You see what it boils down to? You or the Lord. You choose. This life God created for us is very peculiar and particular when it comes to faith. And it is a wonderful thing called choice. But the devil loves to take what is good and destroy it, like family, family life, children, and life itself. There in the death world, they call things for abortion and euthanasia "choice". There is a group fighting for death "choice" and they call themselves "compassion & choice". They fight for those who want to kill themselves. The world is caving in on itself. And they say "God is not good, if he were, there would be no violence". Yet it is a lie as we point fingers. We are making the choices.

ME? What? But I'm reading scriptures and going to daily Mass! ME? But I'm praying the rosary almost every day! ME? How am I making the world a mess? They recently voted for death choice, abortions in Ireland, in what was once a capital of Catholics. And still, the majority may be, but they have become insipid, lukewarm, all things spit out from the Kingdom. Most probably didnt' vote, being neutral, and deadly. This happens to our daily lives. Every day matters just as every life matters, even in the unborn.

Tell me, how did you spend your Sunday afternoon? Saturday? Friday night? Was there any time for daily Mass, rosaries, an hour of devotion each day? Was there a time to discuss the bible together as a family? Was there a time to fast, pray, and give? Was there a moment to follow Christ such as suffering for Him?

The rich forget. The rich have too much going on. The rich have many other things to do. And when it comes to God stuff? The rich are ultimately sad. They say our rich country is also one of the saddest, doom and gloom in almost 50% of all living here. Millions upon millions are hooked on anti-depressants, legal, illegal, doctor prescribed or self medicated on drugs, alcohol and such. We are rich. In my little town, I've known of some rich men, business owners, with not a thing missing, yet, they took their own lives. That what detracts, attacks. That what detracts us from following Him. That what makes us lose our focus on Him. I was helping at a wedding anniversary this weekend, Saturday. A cell phone goes off. They turn it off. It goes off again, and this time the lady answers the phone whispering and ducking taking the call. I see a business man look at her funny. Eventually, the business man gets a call and leaves for a long time. They both return. First, the lady comes back with another person, showed him where to sit. The business man finally comes back. Lots of distractions, crazy, phones ringing, people walking out with kids in hand, all while Father is giving his homily, the talk during Mass. So who missed out on the most from Father at that moment?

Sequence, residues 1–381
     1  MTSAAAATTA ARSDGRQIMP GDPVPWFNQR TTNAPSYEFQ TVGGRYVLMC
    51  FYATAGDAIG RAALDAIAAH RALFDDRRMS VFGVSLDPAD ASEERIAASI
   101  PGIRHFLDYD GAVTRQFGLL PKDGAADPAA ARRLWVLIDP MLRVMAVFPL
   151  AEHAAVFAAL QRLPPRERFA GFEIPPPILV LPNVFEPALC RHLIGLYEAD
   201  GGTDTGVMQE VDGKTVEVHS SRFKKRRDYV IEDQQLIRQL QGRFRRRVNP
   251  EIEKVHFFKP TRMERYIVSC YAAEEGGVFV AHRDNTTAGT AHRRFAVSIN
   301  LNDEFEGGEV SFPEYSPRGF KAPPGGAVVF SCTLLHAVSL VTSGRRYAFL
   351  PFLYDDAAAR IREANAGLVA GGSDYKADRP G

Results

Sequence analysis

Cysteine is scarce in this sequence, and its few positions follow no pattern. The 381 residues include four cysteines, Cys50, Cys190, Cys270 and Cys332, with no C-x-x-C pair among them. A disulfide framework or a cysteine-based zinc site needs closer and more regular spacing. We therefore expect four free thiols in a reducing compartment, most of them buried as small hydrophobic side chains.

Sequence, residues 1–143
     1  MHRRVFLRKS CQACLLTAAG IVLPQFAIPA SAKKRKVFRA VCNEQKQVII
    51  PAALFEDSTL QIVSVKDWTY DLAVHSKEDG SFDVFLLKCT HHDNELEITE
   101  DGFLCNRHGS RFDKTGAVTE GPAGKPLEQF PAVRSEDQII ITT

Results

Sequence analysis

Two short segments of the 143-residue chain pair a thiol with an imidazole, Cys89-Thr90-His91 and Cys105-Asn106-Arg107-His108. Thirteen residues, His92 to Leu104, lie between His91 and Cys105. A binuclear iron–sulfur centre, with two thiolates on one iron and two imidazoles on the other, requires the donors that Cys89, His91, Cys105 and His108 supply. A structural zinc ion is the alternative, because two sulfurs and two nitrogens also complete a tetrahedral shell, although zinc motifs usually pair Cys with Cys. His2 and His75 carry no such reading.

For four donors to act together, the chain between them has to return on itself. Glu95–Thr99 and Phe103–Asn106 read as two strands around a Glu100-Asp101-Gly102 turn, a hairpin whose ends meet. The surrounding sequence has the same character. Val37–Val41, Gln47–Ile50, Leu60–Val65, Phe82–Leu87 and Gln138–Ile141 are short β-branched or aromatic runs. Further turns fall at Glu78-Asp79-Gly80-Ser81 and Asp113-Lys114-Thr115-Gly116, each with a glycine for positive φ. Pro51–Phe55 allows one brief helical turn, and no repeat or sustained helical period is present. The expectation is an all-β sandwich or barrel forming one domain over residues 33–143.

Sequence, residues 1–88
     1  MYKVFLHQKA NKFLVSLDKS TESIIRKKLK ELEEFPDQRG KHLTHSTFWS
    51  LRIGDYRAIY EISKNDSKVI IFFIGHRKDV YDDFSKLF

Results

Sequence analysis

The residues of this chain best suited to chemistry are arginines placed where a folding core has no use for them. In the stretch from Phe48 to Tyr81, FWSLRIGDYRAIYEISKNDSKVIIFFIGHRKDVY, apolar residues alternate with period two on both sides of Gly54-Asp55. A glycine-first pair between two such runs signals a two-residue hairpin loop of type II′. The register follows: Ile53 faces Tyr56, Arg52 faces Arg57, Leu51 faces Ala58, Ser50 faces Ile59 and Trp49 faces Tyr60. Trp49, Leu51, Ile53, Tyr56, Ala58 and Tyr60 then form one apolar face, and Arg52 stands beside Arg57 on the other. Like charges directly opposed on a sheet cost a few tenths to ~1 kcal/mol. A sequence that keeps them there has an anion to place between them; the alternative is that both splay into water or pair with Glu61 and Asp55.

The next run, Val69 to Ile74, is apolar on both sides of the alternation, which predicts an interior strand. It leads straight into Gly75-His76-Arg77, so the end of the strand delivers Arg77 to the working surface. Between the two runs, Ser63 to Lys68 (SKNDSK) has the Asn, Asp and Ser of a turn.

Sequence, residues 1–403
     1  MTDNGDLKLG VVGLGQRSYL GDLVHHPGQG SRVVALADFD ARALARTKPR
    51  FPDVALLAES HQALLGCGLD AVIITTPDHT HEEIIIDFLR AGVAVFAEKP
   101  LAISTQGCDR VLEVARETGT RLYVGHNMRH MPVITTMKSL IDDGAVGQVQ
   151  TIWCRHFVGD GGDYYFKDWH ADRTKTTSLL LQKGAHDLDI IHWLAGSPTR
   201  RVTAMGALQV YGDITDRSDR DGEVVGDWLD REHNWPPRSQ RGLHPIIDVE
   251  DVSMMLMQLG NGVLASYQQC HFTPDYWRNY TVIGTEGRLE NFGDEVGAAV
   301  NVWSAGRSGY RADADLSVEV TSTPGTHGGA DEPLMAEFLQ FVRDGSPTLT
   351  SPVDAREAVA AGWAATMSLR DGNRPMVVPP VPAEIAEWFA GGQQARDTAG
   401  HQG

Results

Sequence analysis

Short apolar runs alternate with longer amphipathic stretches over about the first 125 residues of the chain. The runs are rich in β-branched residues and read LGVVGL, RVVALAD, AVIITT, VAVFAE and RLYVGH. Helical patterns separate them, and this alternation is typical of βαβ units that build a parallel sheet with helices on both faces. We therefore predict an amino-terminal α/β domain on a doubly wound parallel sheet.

I let myself lose focus. I am thinking about other things. I am busy. I am into other peoples' business (think gossip). People ask me "weren't you paying attention to the announcements on Sunday?" and I say "well...I was busy getting my guitar ready for singing" (I'm in the choir). You see? Distractions within self. We become our own worst enemy. This is my fight, with number one. I want number one to become number two. God first. Love first. Everything else second. How hard is that?
It's so hard that if you really think about it and pray about it, you could fall on your knees...and actually ask for God's help. You may even ask for what is good.